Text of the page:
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All of us must contribute to the safety of our students

We’ve all been shocked at the repeated occurrence of school violence across our nation and want to find solutions to protect our children while at school.

Twenty years ago, no one could have imagined someone entering a movie theater, a Walmart or an airport with the sole intent of taking life. As we cannot ascertain the direct causes of these violent acts, we want to work with residents of our community to find ways of reducing the risk here.

This is an emotionally charged issue and one that has taken hold in Durango, as in countless other communities. There is a critical need for dialogue and listening to each other. I continue to reference my concern with the lack of civility as different ideas are expressed in all matters “America” today. I hope that as we process options for security, we continue to listen to each other to forge a plan that further strengthens safety and security around our schools.

The range of options to fortify our schools is extensive, and many community members have expressed that money can’t be an obstacle when making these decisions. I am proud of the safety and security protocols currently in place in our buildings, which are not all discernible, as sharing them publicly could compromise many of these measures.

All our middle and elementary schools are fully secured with a video buzzer at the entrance, and we have full-time security staff who monitor and protect our middle and high schools. These staff members work along with school resource officers, who also serve our elementary schools.

All 9-R staff and students participate in regular drills. Safe2Tell programs are heavily promoted and used by our community to report concerns anonymously. Students, parents and staff alike all have personal responsibility to participate in and support these security measures.

In the coming months, we will continue to work with members of our community to strengthen our existing systems and security measures. Demands for closing the high school campus, installing metal detectors and arming teachers are occurring – all while opposition to such enhanced measures is expressed. It’s my hope that parents and students participate in these conversations as we search to provide even safer schools that create a positive learning environment for students.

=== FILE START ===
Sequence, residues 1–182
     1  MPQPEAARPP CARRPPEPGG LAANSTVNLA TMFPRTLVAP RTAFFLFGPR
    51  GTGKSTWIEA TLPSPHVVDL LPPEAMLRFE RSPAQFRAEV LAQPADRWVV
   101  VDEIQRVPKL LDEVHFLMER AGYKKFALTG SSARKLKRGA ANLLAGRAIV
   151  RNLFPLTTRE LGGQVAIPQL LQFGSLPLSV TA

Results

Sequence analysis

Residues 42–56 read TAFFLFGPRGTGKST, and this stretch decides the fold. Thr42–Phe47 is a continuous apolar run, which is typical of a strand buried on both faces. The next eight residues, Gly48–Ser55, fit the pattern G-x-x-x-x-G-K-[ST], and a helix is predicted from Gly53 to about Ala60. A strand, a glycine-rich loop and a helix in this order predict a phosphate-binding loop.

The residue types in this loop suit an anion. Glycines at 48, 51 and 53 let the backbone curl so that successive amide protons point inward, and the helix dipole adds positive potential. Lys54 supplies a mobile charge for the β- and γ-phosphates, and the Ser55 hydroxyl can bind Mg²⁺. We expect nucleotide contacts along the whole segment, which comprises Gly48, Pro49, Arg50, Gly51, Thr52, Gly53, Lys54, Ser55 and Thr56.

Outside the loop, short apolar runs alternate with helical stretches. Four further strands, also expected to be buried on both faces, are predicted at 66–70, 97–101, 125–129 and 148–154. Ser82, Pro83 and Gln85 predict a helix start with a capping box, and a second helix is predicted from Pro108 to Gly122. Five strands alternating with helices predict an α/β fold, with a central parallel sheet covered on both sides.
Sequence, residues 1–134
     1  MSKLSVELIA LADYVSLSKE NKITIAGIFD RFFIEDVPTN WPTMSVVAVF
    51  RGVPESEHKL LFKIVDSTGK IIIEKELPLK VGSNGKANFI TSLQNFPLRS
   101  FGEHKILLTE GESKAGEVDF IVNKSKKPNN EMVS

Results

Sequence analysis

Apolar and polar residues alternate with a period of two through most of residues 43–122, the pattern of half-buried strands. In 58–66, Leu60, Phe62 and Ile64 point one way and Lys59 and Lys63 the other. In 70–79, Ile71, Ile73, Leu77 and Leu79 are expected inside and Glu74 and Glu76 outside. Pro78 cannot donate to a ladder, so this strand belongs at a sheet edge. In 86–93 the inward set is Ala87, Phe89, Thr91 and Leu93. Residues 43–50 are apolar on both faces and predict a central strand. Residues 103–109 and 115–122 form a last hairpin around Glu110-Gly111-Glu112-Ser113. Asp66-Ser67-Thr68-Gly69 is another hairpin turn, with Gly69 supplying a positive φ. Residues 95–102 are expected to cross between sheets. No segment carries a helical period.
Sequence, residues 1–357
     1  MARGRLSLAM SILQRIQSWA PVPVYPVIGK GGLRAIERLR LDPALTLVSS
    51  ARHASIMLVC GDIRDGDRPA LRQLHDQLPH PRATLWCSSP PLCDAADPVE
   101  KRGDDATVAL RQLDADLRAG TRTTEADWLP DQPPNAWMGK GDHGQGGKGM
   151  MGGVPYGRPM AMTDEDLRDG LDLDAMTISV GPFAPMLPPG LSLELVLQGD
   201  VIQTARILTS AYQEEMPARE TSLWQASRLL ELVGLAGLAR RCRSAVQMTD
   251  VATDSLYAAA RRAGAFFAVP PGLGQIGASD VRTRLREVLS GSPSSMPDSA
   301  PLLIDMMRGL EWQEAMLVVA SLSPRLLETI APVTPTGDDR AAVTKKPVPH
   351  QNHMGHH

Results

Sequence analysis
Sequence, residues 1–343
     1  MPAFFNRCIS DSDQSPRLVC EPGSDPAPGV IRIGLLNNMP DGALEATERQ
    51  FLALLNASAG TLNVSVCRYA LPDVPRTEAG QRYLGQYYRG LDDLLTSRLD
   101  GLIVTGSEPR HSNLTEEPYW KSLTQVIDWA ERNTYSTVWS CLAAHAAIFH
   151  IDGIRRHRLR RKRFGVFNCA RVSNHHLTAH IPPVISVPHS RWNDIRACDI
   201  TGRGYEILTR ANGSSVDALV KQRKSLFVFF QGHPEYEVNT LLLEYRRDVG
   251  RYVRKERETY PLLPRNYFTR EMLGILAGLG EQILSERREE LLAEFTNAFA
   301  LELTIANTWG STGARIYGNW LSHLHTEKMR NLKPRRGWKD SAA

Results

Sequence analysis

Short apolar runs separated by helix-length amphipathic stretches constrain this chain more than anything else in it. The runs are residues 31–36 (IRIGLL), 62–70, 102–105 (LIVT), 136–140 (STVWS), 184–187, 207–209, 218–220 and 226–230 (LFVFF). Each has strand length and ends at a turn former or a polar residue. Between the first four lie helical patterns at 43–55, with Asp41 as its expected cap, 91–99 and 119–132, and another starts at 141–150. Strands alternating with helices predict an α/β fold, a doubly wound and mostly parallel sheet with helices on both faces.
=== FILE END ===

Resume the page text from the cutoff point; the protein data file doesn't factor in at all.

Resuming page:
There have been calls for student walkouts to exercise their voice on this issue. While I strongly support our students having a voice, I encourage that we find safe opportunities to do so. Walking out of school in the middle of the school day only exposes students to potential danger.

Middle and high schools are offering opportunities within the school for students to gather and show their respect for their national peers, while revisiting safety procedures. Secondary students will not be prevented from leaving campus if they choose to do so, however, parents will be contacted to ensure their awareness, and our regular attendance policies apply here as with any other absence. Parents, please let your student know your expectations in advance.

Our community is providing an opportunity for all to participate and demonstrate unity in standing up against school violence. The “March For Our Lives” event being planned by students and community members is scheduled from 1 to 3 p.m. March 24. Rotary Park will be the final destination, where Durango High School and Animas High School students will present a program for fellow marchers that will include music and short speeches. This provides a terrific opportunity to engage in the conversation with our students.

As a 9-R parent, I want the best for our children. Our safety measures are strong, and we continue to reflect and respond to all community feedback. It takes us all to ensure the safety of our students, and we can’t underestimate the role of our students in this process. Thank you for being an active participant. I stand ready to engage in the conversation with you.

Email Durango School District 9-R Superintendent Dan Snowberger at dsnowberger@durango.k12.co.us.

Mar 9, 2018
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